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High Reflective Multilayer Film/Foam Essay
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Dec 12th, 2019

High Reflective Multilayer Film/Foam Essay

Abstract

This work focus on the application of PP/PP film/foam on the reflector. We studied the properties of one mainstream commercial reflector. We try to improve the reflectance and other properties of PP/PP film/foam for other application by lamination and adding inorganic additive. Our result shows that we do improve the reflectance of the as-extruded sample and it is comparable to commercial sample somehow.

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1.Introduction

Polyolefin multilayer film/foam materials are a group of polymeric material with a novel structure assembling alternating film and foam layers, which can be prepared by using lamination and co-extrusion technology.

[1, 2] Because of their fantastic structure, these materials combine the physical and mechanical behaviors of both solid and foamed polymers, including low density, high compressive modulus, and heat and sound insulation.3 Therefore, they are widely used in areas such as packaging, sports, automotive, electronic, and others.[4-7] Baer et al. reported a multilayer co-extrusion technology for microlayered film/foam material (with 8, 16, and 64 layers) production in 2004.

1 Such multilayer coextrusion represents an advanced polymer processing technique that the cell size in the foam layers can be significantly reduced to micro-meter scales with the increase in the layer numbers, mechanical properties also improved with the increased layer number at the same time.

However, various properties of the film/foam multilayer structure still have large room for improvement, particularly the properties of toughness, tear resistance and puncture resistance. In order to get film/foam multilayer material with improved properties, the co-extruded materials are subjected to drawing (mono-, bi- or multi-axial) while in the molten state to achieve macroscopic cellular orientation. [8, 9] The reflectance is also considered to be one of the application for film/foam. Due to the residue of foaming agent and the cell size, there is still a lot of effort to do to improve the reflectance of film/foam. This work is designed to improve the surface reflectance of PP/PP film/foam. According to figure1 [10], the incident light can be divided into reflective light and transmitted light. So there are two methods to increase the reflectance of film/foam.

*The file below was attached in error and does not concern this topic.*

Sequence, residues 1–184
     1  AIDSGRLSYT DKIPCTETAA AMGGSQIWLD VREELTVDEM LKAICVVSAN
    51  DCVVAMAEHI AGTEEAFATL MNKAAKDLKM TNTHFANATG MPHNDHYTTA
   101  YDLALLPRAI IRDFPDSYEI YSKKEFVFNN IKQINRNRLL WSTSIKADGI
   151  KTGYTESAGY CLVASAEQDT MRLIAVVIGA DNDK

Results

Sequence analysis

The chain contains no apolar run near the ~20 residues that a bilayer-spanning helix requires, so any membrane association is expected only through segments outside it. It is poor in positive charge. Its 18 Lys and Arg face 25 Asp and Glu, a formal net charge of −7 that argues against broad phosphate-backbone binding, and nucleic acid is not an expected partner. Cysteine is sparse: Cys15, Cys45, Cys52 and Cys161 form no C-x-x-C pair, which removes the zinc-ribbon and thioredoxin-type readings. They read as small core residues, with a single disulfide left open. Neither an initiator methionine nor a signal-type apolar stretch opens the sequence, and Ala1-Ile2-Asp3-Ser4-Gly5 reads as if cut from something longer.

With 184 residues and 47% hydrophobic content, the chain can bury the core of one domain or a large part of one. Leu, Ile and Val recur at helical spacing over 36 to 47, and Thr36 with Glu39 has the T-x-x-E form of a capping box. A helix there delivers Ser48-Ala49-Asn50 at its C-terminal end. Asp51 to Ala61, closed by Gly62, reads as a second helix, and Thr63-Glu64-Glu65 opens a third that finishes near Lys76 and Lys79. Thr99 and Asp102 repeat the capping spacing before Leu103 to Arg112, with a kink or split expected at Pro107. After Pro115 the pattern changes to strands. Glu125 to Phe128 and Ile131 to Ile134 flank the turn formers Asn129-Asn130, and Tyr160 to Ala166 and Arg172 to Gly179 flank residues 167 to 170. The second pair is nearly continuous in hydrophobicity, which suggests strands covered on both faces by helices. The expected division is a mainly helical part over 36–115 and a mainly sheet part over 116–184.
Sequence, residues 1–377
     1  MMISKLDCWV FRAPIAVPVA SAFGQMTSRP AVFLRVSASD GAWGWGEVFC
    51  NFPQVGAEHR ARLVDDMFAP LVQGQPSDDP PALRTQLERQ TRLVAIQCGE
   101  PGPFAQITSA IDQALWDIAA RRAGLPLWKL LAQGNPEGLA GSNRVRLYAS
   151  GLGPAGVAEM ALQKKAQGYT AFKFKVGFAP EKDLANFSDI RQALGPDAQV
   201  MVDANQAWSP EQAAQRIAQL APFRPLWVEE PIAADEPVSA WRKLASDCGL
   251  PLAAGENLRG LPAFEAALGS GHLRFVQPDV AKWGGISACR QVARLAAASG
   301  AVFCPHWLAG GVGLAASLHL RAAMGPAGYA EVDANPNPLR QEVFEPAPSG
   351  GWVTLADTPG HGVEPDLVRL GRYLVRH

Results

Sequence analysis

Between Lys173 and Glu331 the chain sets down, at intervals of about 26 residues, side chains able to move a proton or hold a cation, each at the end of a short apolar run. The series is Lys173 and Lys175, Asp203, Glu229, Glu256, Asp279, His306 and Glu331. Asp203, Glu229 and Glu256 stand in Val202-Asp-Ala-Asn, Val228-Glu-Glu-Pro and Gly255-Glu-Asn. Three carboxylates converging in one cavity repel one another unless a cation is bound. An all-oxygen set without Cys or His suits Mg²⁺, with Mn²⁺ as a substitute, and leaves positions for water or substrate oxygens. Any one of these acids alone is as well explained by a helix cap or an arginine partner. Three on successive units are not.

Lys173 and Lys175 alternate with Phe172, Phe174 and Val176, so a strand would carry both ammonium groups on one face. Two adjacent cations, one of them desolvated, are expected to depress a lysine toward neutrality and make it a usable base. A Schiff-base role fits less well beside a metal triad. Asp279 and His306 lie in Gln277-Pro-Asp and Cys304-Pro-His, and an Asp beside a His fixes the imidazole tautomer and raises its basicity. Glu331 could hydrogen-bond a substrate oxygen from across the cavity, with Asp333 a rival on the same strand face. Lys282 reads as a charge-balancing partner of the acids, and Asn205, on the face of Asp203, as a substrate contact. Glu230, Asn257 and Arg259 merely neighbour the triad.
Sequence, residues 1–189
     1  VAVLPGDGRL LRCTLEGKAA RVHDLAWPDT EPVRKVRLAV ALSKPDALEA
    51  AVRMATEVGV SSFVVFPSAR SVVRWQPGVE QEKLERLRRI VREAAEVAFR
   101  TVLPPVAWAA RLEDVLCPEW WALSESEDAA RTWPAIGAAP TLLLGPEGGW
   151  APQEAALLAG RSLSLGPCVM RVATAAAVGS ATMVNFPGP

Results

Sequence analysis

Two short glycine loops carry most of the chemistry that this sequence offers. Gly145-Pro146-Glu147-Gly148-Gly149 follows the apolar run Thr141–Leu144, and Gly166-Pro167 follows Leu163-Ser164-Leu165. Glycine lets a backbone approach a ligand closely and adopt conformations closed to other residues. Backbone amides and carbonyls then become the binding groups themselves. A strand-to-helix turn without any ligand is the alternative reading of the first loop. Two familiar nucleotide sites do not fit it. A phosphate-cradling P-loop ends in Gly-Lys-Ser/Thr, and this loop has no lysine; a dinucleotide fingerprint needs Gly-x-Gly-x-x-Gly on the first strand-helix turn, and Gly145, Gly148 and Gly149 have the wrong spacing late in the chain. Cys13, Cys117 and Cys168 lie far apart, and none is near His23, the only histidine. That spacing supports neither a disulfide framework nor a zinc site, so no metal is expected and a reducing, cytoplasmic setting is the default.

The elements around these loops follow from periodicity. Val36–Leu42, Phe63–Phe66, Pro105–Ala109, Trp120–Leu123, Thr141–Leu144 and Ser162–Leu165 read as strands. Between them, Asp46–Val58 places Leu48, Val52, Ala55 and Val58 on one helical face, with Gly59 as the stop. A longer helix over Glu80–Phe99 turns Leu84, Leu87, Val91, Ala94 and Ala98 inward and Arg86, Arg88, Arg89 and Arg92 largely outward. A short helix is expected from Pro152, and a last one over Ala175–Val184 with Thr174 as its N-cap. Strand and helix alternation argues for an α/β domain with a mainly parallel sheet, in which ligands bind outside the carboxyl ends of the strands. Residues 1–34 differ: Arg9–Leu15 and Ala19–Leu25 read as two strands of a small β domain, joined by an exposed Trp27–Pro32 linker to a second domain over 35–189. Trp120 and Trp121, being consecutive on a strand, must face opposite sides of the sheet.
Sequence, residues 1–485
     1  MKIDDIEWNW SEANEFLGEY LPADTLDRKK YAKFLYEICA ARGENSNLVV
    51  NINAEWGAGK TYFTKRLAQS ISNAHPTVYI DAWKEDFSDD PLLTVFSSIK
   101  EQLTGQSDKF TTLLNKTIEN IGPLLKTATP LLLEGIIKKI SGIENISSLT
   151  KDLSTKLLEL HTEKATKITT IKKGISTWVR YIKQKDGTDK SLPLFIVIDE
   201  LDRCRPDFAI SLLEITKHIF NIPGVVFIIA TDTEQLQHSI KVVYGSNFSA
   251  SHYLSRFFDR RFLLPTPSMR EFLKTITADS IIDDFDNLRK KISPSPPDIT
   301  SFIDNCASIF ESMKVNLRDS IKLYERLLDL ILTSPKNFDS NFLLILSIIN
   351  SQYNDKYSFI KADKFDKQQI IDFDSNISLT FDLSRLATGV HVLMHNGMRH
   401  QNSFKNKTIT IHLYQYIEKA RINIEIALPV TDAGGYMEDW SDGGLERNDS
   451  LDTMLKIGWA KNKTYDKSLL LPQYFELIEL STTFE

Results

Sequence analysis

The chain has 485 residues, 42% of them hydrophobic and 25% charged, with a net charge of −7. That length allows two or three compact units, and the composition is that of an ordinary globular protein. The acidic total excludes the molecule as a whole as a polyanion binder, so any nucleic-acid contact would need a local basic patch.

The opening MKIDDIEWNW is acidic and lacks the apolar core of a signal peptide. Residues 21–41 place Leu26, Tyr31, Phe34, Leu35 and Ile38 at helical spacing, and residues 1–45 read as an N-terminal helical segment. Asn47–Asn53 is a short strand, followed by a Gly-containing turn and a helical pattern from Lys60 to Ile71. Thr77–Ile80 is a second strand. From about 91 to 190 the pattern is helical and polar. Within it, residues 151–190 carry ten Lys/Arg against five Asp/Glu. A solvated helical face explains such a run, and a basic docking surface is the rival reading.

1. With increasing of refractive index contrast at the interface between air and the surface, there would be more reflective light. Because when there is more reflectance between the surface and air, it means that there are less light going into the material. As a result, the reflectance could be improved.

2. Increasing the number of interface, we can reduce the transmitted light and collect more reflective light at every interface. The total reflective light would increase on the surface.

So we choose to use the 16 layers structure which provides enough interface. And we used lamination and inorganic fillers to improve the reflectance while keep low density around 0.5g/cm3.

2.Experimental Section

2.1 Materials

LDPE DOW 5004I (MFI=2) was used to make the skin layer for high reflectance film/foam, then 5wt% and 20wt% TiO2 (Cristal, RCL-4) was added to increase the whiteness of LDPE layer, PP Huntsman AP6106 (MFI=6) and PP Braskem FT120WV (MFI=12) used for the fabrication of multilayer PP/PP film foam material was also supplied by the Dow Chemical Company. 1.5wt% Actafoam (AZ -130 Galata Chemicals) was used as the chemical blowing agent for foaming. The nucleating agent in the foam layer was 1 wt% Talc (Jetfine® 1H, IMERYS Talc), MCPET (Furukawa Electrical)

2.2 Production of high reflectance multilayer film/foam

In order to produce the 16 layers film/foam structures, a two-component microlayer coextrusion setup (figure2) with 3 multipliers was used. One extruder contained the film layer polymer, and the other extruder contained the foam layer polymer with blowing agent and nucleating agent. A processing temperature of 195 oC was used for optimum foaming based on the decomposition kinetics of Actafoam AZ 130. A 3” die was used at the end of the multipliers. And we used different pump rate at those two extruders in order to get a 30% film layer and 70% foam layer structure. A chill roll setup was used as a sheet take-off. Different numbers of multipliers were used to prepare the samples with different layer numbers.